NASA's Curiosity Rover Spots Purple Rocks on Mars

purple mars rocks
This new image from the Mars Curiosity rover captures purple-colored rocks on the surface of lower Mount Sharp. (Image credit: NASA/JPL-Caltech/MSSS)

Mars may appear red when viewed from Earth, but NASA's Curiosity rover has captured an up-close photo of the planet's mountainous landscape, with purple-colored rocks littered across the foreground.

This remarkable new photo was captured near the base of Mars' Mount Sharp. The image's three frames were taken by Curiosity's Mast Camera (Mastcam)on Nov. 10.

"Variations in color of the rocks hint at the diversity of their composition on lower Mount Sharp. The purple tone of the foreground rocks has been seen in other rocks where Curiosity's Chemical and Mineralogy (CheMin) instrument has detected hematite,” or a type of iron-oxide mineral, NASA officials said in a statement. "Winds and windblown sand in this part of Curiosity's traverse and in this season tend to keep rocks relatively free of dust, which otherwise can cloak rocks' color.” [Amazing Mars Photos by NASA's Curiosity Rover (Latest Images)]

Mount Sharp rises 3 miles (5 kilometers) from the center of Mars' 96-mile-wide (154 km) Gale Crater. After arriving at the crater in 2012, Curiosity found evidence that suggested that the area could have supported microbial life in the ancient past.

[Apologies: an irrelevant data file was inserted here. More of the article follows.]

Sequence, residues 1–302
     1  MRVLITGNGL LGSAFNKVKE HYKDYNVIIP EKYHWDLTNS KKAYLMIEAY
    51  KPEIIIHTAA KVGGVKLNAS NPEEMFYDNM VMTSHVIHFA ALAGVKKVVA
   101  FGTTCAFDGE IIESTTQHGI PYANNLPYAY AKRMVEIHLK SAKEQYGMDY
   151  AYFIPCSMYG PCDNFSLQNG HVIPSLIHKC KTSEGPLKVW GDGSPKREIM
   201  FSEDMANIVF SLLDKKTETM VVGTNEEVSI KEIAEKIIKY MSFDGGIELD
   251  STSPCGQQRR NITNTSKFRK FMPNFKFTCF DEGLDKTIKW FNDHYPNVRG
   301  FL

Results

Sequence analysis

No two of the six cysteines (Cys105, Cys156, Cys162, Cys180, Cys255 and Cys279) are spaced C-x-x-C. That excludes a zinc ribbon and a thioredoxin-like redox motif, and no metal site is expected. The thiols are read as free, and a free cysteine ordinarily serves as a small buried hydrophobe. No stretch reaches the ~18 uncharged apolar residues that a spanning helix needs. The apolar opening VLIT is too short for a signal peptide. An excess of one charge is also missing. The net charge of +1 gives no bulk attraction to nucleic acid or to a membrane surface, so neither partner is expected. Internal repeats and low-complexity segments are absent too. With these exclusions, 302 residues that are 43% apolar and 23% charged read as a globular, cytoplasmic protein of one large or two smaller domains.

In addition to the purple rocks in the foreground, the images from Curiosity capture higher layers of Mount Sharp. The rover will continue to traverse these slopes throughout the rest of its mission.

NASA's Curiosity rover the centerpiece of NASA's $2.5 billion Mars Science Laboratory (MSL) mission is slated to land on Mars Aug. 5. How much do you know about Curiosity and its mission?

A 'Curiosity' Quiz: How Well Do You Know NASA's Next Mars Rover?

This uphill trek began in October at the orange-colored rocks of the Murray formation, near the base of Mount Sharp. Next the rover will climb upward to the Hematite Unit, followed by the Clay Unit and the rounded hills of the Sulfate Unit — which is Curiosity's highest planned destination. Studying the composition of these different rock layers can help scientists learn more about Mars' past.

The images have a white-balanced color adjustment that resembles how rocks and sand would appear under daytime lighting conditions on Earth. This helps geologists who study the rocks recognize color patterns that they are familiar with on Earth, NASA officials said in the statement.

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